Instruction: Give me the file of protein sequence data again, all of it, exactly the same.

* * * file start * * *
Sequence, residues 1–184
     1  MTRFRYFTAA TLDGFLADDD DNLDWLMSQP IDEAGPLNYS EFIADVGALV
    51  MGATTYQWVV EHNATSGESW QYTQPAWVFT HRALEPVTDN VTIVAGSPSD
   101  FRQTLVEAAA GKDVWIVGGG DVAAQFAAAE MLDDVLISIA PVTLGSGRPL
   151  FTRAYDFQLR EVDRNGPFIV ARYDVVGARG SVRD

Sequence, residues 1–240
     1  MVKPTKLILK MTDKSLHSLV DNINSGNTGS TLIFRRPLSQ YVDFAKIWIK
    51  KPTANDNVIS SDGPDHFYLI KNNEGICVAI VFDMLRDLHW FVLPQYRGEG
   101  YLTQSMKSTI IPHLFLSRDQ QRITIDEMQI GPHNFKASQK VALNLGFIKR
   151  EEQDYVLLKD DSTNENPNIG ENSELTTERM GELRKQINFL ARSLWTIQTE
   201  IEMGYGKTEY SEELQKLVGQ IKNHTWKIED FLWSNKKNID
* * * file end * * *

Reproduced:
Sequence, residues 1–184
     1  MTRFRYFTAA TLDGFLADDD DNLDWLMSQP IDEAGPLNYS EFIADVGALV
    51  MGATTYQWVV EHNATSGESW QYTQPAWVFT HRALEPVTDN VTIVAGSPSD
   101  FRQTLVEAAA GKDVWIVGGG DVAAQFAAAE MLDDVLISIA PVTLGSGRPL
   151  FTRAYDFQLR EVDRNGPFIV ARYDVVGARG SVRD

Sequence, residues 1–240
     1  MVKPTKLILK MTDKSLHSLV DNINSGNTGS TLIFRRPLSQ YVDFAKIWIK
    51  KPTANDNVIS SDGPDHFYLI KNNEGICVAI VFDMLRDLHW FVLPQYRGEG
   101  YLTQSMKSTI IPHLFLSRDQ QRITIDEMQI GPHNFKASQK VALNLGFIKR
   151  EEQDYVLLKD DSTNENPNIG ENSELTTERM GELRKQINFL ARSLWTIQTE
   201  IEMGYGKTEY SEELQKLVGQ IKNHTWKIED FLWSNKKNID